A Leavenworth county commissioner who used racially insensitive language at a public meeting last week has resigned, saying his remarks were "misinterpreted."
"It is with great sorrow that I am submitting this letter to the community that I love and have been a part of for more than 80 years," wrote Commissioner Louis Kemp in a resignation letter submitted at a Tuesday morning commission meeting.
KCTV5 posted the resignation letter online Tuesday morning.
Multiple state and local leaders have called on Kemp, who is white, to step down after telling an African-American woman making a land use presentation that he belonged to "the master race." Klemp was objecting to consultant Triveece Penelton's analysis when he swerved to comment on the Nazi quest for ethnic purity.
View Klemp's comments at the 1:35:00 mark of the meeting.
"I don't want you to think I'm picking on you, because, we're part of the master race," Klemp told Penelton. He also told Penelton she had a gap in her front teeth. Mark Loughry, the Leavenworth County administrator, said Klemp previously pointed to that dental condition as physical evidence that Klemp and others were part of a master race.
In his letter, Klemp said the negative backlash in the community for his comments caused him regret and he was resigning to maintain and "focus and prioritize the needs of the county."
"My attempts at identifying a similarity (space between our teeth) with a presenter were well-meaning but misinterpreted by some and definitely not racially motivated," he said, adding that he had reached out to the presenter to extend his "regret and support."
Gov. Jeff Colyer, a Republican, was one of the leaders calling for Klemp's resignation. He said remarks by Klemp were "unacceptable and do not reflect the values of the county which he represents."
"Racial and discriminative language have no place in our society, and most especially when spoken by someone holding a public office," Colyer said. "As such, I call on him to step down as county commissioner."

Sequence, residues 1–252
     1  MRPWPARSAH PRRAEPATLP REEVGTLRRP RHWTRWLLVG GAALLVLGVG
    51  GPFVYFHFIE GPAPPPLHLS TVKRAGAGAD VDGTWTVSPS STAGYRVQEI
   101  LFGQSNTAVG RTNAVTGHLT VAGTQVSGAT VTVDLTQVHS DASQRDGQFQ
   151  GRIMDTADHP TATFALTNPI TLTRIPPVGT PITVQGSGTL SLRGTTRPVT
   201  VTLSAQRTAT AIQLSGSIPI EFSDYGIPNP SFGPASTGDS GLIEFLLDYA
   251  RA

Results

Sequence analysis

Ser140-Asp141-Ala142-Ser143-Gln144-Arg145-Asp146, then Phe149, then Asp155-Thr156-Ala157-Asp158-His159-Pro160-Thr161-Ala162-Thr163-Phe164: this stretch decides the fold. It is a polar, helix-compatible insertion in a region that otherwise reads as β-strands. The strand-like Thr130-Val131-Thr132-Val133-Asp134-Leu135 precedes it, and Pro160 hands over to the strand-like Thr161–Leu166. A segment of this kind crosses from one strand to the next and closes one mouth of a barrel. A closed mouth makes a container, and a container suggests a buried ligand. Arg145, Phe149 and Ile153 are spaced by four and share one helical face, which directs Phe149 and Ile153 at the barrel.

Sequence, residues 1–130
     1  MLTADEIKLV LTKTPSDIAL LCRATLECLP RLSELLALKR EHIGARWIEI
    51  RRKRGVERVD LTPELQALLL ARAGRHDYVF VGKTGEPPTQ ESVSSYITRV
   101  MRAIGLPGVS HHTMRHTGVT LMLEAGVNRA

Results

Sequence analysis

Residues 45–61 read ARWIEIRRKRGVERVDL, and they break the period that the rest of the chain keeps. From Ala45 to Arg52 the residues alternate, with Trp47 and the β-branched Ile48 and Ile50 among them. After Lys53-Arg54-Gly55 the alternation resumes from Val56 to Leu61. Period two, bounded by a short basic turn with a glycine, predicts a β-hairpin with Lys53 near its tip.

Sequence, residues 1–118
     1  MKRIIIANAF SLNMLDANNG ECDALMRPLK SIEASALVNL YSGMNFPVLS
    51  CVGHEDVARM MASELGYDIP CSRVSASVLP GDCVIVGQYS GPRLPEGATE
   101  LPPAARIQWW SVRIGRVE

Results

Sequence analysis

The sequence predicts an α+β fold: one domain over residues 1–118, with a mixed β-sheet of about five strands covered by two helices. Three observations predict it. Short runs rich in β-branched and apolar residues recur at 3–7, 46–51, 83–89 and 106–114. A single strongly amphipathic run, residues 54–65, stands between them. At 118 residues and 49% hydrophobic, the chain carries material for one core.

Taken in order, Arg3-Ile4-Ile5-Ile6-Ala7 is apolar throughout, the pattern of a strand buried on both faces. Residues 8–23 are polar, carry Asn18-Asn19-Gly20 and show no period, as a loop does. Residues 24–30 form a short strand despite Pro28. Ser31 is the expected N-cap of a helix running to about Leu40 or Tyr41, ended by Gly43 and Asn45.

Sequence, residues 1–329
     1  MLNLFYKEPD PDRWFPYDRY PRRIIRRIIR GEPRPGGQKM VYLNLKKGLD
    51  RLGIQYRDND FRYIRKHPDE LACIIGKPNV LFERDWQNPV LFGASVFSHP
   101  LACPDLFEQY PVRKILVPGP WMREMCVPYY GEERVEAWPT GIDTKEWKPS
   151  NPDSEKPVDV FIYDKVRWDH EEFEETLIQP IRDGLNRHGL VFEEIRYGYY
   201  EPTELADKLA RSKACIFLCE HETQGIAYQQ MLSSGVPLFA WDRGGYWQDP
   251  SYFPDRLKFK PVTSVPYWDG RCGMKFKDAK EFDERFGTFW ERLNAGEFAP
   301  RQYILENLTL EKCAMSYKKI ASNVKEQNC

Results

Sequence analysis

During the meeting last week, Klemp also told Penelton she had a gap in her front teeth. Mark Loughry, the Leavenworth County administrator, said Klemp previously pointed to that dental condition as physical evidence that Klemp and others were part of a master race.
Klemp was on the county commission from 1978 to 1982 and from 1992 to 1996. Last year, he was selected by the Leavenworth County Republican Party to complete a commission term expiring in January.
In December 2017, Klemp created controversy when he expressed admiration for Confederate General Robert E. Lee while discussing a calendar of public holidays.
"Oh God, Robert E. Lee, wonderful part of history," he said. "I'm going to be honest with you, my great-great-grandfather had a slave.
"It bothers me that if we're going to have Martin Luther King Day, why don't we have a George Washington?" Klemp said. "I keep waiting. I didn't see Oprah (Winfrey) on there. She's not on there as a federal holiday."
Leavenworth County Commissioner Bob Holland, who previously recommended that Klemp step down from the commission, had said Klemp ought to apologize to Penelton and the county's residents.
The Leavenworth City Commission issued a statement that "unequivocally denounces the use of 'master race' or any other language that has historic ties to racism, division and bigotry in any setting at any time."